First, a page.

Starting an oil painting in a classic way.
I would like to tell you a little about how I start an oil painting.
There are many rules about how to apply oil paint but all the rules can be broken, nothing is set in stone.
How to start painting depends on what you want as a finished work: realistic, impressionist, fauvist, hyper-realistic, abstract, etc, etc.
I like to paint in a classic way. So, I am going to explain to you how I start an oil painting in this way.
You will see that the classical form is oriented in many cases to provide solutions to practical and technical problems.
At first, the support.
Here, the most used are canvases, wood panels, and primed paper.
The painting that I show you here was done on a fibreboard (fibreboard is used in our time, in the past, painters used real wood panels).
Before painting on the wood panel or canvas, it must be primed.
Why? To protect it, creating a layer that separates the oil paint from the support because otherwise, in the long run, the chemicals from the paint will rot the canvas or the panel used.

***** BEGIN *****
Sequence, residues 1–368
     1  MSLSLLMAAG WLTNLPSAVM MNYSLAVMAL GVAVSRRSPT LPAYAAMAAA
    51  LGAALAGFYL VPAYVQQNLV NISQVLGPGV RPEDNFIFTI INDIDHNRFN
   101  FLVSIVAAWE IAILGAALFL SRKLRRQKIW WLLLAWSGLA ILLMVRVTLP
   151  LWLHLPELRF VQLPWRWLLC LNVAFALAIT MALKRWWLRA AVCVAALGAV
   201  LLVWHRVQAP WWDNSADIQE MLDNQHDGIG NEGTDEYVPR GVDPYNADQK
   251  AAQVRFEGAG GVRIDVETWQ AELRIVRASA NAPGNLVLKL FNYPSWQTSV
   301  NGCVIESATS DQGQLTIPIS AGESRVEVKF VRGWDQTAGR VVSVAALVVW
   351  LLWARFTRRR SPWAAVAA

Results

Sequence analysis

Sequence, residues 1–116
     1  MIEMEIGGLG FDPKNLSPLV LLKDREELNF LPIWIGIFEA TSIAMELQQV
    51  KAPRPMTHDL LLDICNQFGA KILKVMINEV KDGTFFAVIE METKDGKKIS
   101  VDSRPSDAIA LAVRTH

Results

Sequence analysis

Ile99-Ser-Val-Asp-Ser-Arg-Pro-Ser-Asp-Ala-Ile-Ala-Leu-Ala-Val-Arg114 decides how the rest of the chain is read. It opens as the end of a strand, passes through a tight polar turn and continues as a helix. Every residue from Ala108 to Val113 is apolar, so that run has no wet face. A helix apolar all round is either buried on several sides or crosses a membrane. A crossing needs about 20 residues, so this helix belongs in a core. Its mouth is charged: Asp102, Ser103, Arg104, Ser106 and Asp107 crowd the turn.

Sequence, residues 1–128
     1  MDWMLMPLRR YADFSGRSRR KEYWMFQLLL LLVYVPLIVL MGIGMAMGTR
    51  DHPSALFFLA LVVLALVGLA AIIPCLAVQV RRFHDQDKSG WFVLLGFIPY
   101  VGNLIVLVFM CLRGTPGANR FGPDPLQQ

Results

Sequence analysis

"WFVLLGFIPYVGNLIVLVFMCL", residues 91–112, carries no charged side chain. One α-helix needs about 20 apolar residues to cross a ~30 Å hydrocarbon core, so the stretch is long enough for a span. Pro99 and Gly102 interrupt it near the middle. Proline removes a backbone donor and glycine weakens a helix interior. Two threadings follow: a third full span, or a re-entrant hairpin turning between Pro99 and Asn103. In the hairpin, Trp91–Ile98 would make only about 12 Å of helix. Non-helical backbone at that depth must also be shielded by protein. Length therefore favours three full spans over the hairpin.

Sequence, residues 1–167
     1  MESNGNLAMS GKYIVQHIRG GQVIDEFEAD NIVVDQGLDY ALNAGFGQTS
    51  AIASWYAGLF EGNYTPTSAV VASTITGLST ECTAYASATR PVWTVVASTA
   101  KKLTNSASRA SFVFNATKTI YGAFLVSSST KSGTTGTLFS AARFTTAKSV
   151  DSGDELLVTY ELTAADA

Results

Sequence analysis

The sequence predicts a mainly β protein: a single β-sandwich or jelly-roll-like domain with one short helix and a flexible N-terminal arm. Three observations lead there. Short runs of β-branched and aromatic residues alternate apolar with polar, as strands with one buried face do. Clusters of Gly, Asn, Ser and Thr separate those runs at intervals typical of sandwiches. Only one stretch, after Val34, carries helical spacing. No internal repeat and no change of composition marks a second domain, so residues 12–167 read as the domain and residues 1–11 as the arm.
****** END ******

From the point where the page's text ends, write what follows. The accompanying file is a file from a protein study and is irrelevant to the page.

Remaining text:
I use Gesso to priming my fiberboard.
(Gesso is a ready-made product consisting of white titanium mixed with an acrylic binder).
Two or three layers of gesso are enough.
Once the primer is dry (two to three days of waiting, depending on the weather), I start drawing with brown ink on the fiberboard.
Then, to give the first undercoat, I have painted the entire board with Raw Sienna very thinned with white spirit, on top of the drawing.
Next, I used a large, dry, paint-free brush to spread the color evenly throughout the support.
Immediately, I started cleaning up some areas of paint to get some lighter zones.
Like I said earlier, this is a classic way. Many painters begin by directly applying the paint on white support, others do not carry out the primer prior to their support.
It all depends on what you want to do or what painting technique you feel most comfortable with.
Hope you liked it.